Why Soccer is Not the New Football

I was extremely fortunate to have the day off yesterday, and I am still more fortunate to own a television with picture-in-picture capabilities. I was sitting in my room, watching the World Cup on ESPN and flipping between the USA-Algeria match and that between England and Slovenia and, suddenly, like an unwarranted smack to the face, it hit me: Americans do not belong in the announcers’ booth. I don’t know if it’s because I’ve gotten my fix through streaming Premier League games for years, and as a result I’ve just come to expect my announcers to speak with round vowels and drop the r’s in their words, or if it is something more significant: that, as a general rule, Americans sound silly when they try to speak authoritatively about the obscure sport, usually relegated to white, middle-class suburban 12-year old girls, known as “soccer.” 

To be precise, it’s been said bazillions of times that “the World Cup is a unifying event, bringing our World together to celebrate humanity, athleticism, and football.” [Emphasis mine] I don’t know if anyone has yet told the Americans, but their little game called “Football” has a fan-base several orders of magnitude smaller than what the rest of the world calls football.  Based on my personal boots-on-the-ground experience, excluding the quadrennial World Cup, Americans tend not to watch much soccer, and the general perception of the sport is remarkably similar to the median American’s perception of Europeans: vaguely effeminate, nuanced, confounding, and something to which the word “prancing” might be attached. 

But soccer has a certain fluidity to which American sports fans, spoon-fed on play-by-play analysis of “American football” and baseball, sports which proceed in fits and starts as if afflicted by a severe stutter and punctuated by brief narcoleptic fits, are unaccustomed.  The two aforementioned sports are characterized by a distinct lack of physical activity; to wit, there is a lot of standing around.  There are moments of frenetic, confused action and long stretches of television-friendly inactivity, which allow “experts” to analyze and quantify gameplay, make banal generalizations about such-and-such a player’s good day or bad day, flirt with attractive female anchors, and engage in an introspection particular to the American male: repressing homoerotic feelings whose origin lies in staring admiringly at sweaty men in tight pants. 

There are, however, two sports watched in America that move with any speed or continuity at all: basketball and hockey.  But basketball has numerous opportunities for time-outs, and both move sufficiently quick to hold the attention of even the most scatterbrained. It also must be said that hockey carries the promise of violence.  This brings to mind the quintessence of American sports, that they render masculinity in absurd burlesque: hypertrophied overweight men mashing into each other play football, tall sinewy men with veneers of urban toughness in baggy shorts play basketball, the beer-drinking All-American man-child wanders about on the Field of Dreams, and Caucasian men from northern climes put on their pads, pick up their sticks, take a whack at a hunk of rubber, and occasionally make a boxing match of what is, ultimately, Ice Follies without the women.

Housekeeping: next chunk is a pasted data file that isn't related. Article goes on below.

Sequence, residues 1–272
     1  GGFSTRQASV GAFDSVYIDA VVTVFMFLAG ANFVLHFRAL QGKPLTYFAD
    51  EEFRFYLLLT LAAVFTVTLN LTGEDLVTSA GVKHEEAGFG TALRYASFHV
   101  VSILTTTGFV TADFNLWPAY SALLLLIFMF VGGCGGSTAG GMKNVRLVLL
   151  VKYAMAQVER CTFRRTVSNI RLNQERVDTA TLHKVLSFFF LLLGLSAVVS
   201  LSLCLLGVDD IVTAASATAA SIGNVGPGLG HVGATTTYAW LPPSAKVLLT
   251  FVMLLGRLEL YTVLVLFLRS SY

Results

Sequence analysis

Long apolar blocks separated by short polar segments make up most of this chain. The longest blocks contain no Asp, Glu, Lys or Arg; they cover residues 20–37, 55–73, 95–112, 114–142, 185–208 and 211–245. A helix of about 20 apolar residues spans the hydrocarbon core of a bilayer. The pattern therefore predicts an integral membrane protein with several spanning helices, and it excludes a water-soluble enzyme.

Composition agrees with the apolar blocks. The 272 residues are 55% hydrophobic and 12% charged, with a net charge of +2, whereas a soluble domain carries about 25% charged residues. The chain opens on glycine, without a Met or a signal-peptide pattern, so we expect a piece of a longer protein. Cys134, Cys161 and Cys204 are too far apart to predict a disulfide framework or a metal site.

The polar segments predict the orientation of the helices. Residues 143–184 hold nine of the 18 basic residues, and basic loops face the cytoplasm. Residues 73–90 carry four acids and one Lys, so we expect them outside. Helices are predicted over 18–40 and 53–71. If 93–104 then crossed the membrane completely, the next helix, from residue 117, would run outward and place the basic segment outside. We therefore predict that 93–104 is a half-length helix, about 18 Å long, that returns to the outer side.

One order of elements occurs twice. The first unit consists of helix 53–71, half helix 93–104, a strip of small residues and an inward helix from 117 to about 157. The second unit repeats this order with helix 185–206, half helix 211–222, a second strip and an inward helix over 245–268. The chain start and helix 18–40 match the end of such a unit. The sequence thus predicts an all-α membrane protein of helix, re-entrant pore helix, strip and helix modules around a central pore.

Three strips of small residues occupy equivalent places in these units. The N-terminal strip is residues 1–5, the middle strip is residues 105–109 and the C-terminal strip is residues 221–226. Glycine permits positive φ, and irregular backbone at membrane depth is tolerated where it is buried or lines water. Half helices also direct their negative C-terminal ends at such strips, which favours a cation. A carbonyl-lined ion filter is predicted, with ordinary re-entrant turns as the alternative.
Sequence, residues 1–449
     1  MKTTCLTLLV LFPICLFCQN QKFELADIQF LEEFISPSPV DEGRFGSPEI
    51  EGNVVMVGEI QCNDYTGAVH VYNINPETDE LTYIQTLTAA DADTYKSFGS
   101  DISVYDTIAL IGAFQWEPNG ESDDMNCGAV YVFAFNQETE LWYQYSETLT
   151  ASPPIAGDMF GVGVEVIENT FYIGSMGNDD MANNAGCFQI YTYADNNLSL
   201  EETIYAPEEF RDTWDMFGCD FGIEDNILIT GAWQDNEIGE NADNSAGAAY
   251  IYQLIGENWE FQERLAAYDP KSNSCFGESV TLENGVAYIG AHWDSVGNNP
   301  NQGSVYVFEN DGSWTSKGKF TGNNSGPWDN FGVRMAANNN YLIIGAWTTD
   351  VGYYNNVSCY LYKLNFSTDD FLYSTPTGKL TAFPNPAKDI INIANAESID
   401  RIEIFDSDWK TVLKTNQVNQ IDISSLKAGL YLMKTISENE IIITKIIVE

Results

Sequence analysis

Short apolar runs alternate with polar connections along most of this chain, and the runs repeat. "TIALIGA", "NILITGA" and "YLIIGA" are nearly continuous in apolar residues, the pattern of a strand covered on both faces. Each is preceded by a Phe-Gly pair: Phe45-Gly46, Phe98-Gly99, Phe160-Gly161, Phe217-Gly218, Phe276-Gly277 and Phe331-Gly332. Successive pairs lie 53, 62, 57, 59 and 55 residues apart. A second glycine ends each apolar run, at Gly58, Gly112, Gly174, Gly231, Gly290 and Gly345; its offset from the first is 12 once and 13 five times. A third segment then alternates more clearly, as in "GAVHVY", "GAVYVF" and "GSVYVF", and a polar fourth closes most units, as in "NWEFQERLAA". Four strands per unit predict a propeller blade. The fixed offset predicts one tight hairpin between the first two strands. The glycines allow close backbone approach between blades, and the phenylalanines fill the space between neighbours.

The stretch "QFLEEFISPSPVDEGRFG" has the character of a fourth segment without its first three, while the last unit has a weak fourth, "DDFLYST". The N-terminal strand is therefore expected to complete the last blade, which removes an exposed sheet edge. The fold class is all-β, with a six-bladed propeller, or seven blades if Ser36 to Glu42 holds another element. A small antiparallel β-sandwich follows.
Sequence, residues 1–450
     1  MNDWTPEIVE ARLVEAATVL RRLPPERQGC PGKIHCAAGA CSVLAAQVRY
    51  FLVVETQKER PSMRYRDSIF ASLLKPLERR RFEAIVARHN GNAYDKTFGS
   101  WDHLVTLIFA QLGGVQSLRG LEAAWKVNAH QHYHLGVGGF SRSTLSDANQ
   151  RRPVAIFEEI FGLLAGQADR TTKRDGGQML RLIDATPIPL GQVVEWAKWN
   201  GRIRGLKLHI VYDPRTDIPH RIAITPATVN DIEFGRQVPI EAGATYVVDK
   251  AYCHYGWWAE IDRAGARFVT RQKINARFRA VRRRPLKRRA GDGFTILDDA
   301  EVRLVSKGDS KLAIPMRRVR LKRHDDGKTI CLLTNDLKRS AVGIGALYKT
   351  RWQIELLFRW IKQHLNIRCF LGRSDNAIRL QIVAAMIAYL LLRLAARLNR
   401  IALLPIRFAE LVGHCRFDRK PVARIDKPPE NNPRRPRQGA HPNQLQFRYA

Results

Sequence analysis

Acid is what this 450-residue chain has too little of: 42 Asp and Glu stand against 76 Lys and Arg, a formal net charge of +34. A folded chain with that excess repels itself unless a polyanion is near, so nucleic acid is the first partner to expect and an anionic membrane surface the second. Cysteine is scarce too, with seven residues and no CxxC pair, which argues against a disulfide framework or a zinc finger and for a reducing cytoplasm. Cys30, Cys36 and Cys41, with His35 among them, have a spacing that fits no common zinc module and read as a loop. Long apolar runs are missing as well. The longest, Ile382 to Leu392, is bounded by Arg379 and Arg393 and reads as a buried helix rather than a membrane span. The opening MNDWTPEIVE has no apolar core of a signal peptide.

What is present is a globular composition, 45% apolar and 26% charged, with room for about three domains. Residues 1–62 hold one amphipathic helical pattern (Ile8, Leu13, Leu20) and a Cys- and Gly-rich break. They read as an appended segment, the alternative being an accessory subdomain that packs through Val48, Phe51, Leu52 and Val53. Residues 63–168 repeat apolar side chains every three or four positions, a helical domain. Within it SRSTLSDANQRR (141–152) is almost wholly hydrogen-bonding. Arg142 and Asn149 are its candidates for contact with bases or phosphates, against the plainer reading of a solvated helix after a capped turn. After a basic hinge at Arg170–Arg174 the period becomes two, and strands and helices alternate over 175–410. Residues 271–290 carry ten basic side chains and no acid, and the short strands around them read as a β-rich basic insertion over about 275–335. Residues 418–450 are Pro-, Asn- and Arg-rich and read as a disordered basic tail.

Not only are Americans unaccustomed to the fluid, organic play of elite-level soccer, they find themselves incapable of articulating what is going on: inculcated with the argot of AYSO, we play our games on fields not pitches, wear shoes not boots, and the guy in the ugly long-sleeved shirt and fat-fingered gloves is a goalie and not a keeper.  That we so obstinately refer to “American football” as football at all perplexes me, as it is a game played with hands.  

This all leads me to believe that Americans, devoid of the attention-span and the capacity to articulate nuance necessary to be a successful footballer, despite success yesterday over a surprisingly formidable Algeria, will continue obdurately with their current mode of play: running up the middle, flouting all rules of verve and politeness, and play aggressive Shock-and-Awe tactics, wearing their opponents down not by outsmarting them, but by grinding them into submission with salvo after salvo of poorly-planned carpet-bombing to the box. The law of large numbers applies here, that given enough shooting opportunities even the most stylistically devoid of teams will find weakness in their superiors.  

Physically speaking, soccer players are as close to perfect as possible: lean and toned, muscular in the legs and upper body, and capable of preternatural mental and physical endurance.  The American team is a bit too tall, a bit too muscular, and are clunky on the field. It might take a little while for Americans to realize that on the global stage, when it comes to physical prowess and stylistic verve, we just don’t cut it. There is a reason why the World Series consists of one city’s team playing another; we like our American exclusivity, and would likely lose if we had to come up with a home-grown national team a la the World Cup. The Dominican Republic, Cuba, or Japan would likely win that one.  In the world of soccer, we are, for now, lucky, and sometimes it is better to be lucky than good. It will run out, perhaps tomorrow, perhaps not. But it will.

Author: Jason D. Rowley

As I mentioned elsewhere, I wear a lot of hats. Currently, I'm interested in VC data, early stage startups, and journalism. Previously I've been a blogger, designer, researcher, startup founder, (temporary) college dropout, connector, occasional branding designer and amateur chef.

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